In honour of the 100th anniversary of the birth of Oliver Tambo, the ANC has declared 2017 as ‘The Year of OR Tambo’. Several structures have launched Tambo Fridays to celebrate his life and contribution.
The Tambo Friday initiative seeks to deepen unity, promote an activist ANC and encourage cadre development.
It is part of the broader effort to rebuild and renew the movement.
We will profile events and leaders who demonstrate the values and qualities of OR Tambo.
Key Achievements: The ideal leader for the ANC and South Africa.
The CR17 campaign is promoting the candidature of CYRIL RAMAPHOSA for ANC President to lead the organisation into a new era of unity and renewal.
Ramaphosa has the attributes needed to confront the challenges facing the movement and the country:
– He is a unifier and a builder.
– He is competent and capable.
– He has an excellent understanding of the economy and governance.
– He is tough on corruption.
– He is committed to transformation.
See below the key points of Cyril Ramaphosa’s life that highlight his achievements. This shows his proven track record that indicates that he is the ideal leader for the ANC and South Africa.
In 1974 he was chair of the local branch of two Black Consciousness organisations: the South African Student’s Organisation and the Student Christian Movement.
He was detained in solitary confinement for 11 months in Pretoria Central Prison in 1974, followed by 6 months in the infamous John Vorster Square detention centre in Johannesburg in 1976.
He completed his law degree by correspondence through the University of South Africa in 1981 after nine years.
Tasked to form the National Union of Mineworkers in 1982, 5 years later with 350 000 members it was the fastest-growing union in the world.
In 1987 aged just 34 he led mineworkers in one of the biggest strikes ever held in South African history, which lasted over 3 weeks.
He received the Olaf Palme Prize in 1987 for great “courage and wisdom in the struggle for human rights and dignity”. After initially being refused a passport to travel to Britain that year, is permitted to travel to Stockholm to receive it.
On 11 February 1990 Ramaphosa introduced Nelson Mandela to thousands of supporters outside Cape Town City Hall upon his release from prison – where Mandela delivered his first public speech in 30 years.
He rose to prominence as head of the ANC delegation that negotiated the end of apartheid with the then government in November 1991. In the same year he was a Visiting Professor of Law at Stanford University in the USA.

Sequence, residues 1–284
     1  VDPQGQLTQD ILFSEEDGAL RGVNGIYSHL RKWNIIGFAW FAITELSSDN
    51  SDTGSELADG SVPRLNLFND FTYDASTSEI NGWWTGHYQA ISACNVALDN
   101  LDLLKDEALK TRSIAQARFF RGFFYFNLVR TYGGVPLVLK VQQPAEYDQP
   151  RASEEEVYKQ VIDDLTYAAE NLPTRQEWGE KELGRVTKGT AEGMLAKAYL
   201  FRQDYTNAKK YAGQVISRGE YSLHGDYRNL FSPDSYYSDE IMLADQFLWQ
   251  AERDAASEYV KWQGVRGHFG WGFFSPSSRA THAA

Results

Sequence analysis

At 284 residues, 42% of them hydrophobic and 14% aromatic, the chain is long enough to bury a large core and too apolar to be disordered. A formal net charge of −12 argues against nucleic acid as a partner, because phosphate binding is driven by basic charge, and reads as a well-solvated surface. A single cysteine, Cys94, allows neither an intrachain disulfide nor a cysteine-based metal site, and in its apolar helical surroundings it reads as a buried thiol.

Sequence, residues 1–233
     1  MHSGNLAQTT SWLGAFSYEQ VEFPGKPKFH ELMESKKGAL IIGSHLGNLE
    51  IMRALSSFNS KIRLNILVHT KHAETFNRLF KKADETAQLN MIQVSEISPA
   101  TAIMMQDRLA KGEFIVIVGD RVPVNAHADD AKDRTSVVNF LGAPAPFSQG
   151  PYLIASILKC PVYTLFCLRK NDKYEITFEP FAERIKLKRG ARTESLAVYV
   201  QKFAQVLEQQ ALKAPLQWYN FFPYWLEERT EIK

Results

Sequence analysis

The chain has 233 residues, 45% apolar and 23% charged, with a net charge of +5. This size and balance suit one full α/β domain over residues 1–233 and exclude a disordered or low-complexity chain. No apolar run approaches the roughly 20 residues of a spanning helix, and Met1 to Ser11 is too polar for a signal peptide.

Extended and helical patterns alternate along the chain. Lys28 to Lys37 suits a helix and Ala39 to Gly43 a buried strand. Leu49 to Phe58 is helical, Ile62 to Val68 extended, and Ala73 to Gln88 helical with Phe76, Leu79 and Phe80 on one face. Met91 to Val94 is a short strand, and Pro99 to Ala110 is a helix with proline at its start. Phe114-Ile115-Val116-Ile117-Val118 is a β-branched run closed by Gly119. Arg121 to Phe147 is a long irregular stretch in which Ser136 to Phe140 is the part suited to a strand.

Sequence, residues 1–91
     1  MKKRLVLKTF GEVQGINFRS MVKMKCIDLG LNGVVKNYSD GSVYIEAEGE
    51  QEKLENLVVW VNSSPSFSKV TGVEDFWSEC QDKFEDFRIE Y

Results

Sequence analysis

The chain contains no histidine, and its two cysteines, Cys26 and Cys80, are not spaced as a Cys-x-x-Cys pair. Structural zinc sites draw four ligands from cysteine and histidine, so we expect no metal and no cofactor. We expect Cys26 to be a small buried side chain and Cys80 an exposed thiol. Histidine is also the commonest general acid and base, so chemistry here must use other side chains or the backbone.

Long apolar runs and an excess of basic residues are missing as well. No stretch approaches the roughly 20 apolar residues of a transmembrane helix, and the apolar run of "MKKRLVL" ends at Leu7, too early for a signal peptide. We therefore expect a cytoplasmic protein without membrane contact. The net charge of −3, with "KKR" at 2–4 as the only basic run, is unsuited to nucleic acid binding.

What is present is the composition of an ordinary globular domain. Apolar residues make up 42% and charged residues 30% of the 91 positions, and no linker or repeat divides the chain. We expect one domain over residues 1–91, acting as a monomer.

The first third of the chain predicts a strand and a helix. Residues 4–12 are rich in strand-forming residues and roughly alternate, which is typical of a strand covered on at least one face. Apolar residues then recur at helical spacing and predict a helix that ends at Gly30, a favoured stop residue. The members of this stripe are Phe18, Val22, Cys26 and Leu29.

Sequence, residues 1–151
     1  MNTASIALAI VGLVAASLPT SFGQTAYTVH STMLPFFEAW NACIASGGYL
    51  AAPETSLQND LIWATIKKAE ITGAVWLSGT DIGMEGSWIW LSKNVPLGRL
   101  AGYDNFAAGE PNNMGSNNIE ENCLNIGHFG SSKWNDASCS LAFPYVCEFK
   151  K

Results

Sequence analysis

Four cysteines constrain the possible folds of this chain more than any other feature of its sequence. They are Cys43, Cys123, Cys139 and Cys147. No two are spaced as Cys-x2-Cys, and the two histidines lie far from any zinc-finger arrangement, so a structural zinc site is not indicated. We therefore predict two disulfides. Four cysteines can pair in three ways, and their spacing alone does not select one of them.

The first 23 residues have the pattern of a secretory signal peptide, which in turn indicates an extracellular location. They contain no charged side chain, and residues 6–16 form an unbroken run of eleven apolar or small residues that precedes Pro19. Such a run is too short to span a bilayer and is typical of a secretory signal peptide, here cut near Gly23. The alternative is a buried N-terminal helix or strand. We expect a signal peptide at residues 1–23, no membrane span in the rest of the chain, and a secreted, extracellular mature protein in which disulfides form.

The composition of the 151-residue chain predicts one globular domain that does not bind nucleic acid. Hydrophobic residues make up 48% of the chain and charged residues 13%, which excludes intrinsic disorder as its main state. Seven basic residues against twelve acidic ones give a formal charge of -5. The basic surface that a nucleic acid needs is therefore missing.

He is lauded and respected as co-convener of the country’s internationally acclaimed Constitution, for which he received The Order of the Baobab in Silver.
Nelson Mandela chose Ramaphosa as Secretary General for the ANC on 5 July 1991.
Ramaphosa announced that he would enter private business in early 1996, and within 6 months had been appointed as Deputy Chairman of New Africa Investments Limited (NAIL) and chairman of the National Empowerment Consortium (NEC).
He chaired the Black Economic Empowerment Commission, which helped establish South Africa’s broad-based empowerment policies.
He established Shanduka Group in 2002, which he built into a leading black-owned and -managed diversified investing holding company. After his appointment as Deputy President in 2014 Ramaphosa divested of his stake in Shanduka.
Ramaphosa is chairperson of the Cyril Ramaphosa Foundation (formerly Shanduka Foundation) which does critical work in education, skills development and enterprise development.
The Cyril Ramaphosa Foundation has adopted over 600 schools and assisted almost 800 000 learners, provided comprehensive bursaries to over 100 university students, and provided incubation support to over 900 black-owned small businesses that have created 10 000 jobs.
He is married to Dr Tshepo Motsepe, sister of mining magnate Patrice Motsepe, and has four children.
As Chairman of the National Planning Commission he is responsible for strategic planning for the country, and for putting together the National Development Plan.
He is also Chairperson of the South African National Aids Council (SANAC), which leads South Africa’s response to the national HIV and AIDS pandemic.
Cyril Ramaphosa started supporting disadvantaged students with bursaries to attend university in 1996.
In October 2017 the Cyril Ramaphosa Education Trust withdrew a bursary it had awarded to a student after a video emerged of her making racist slurs.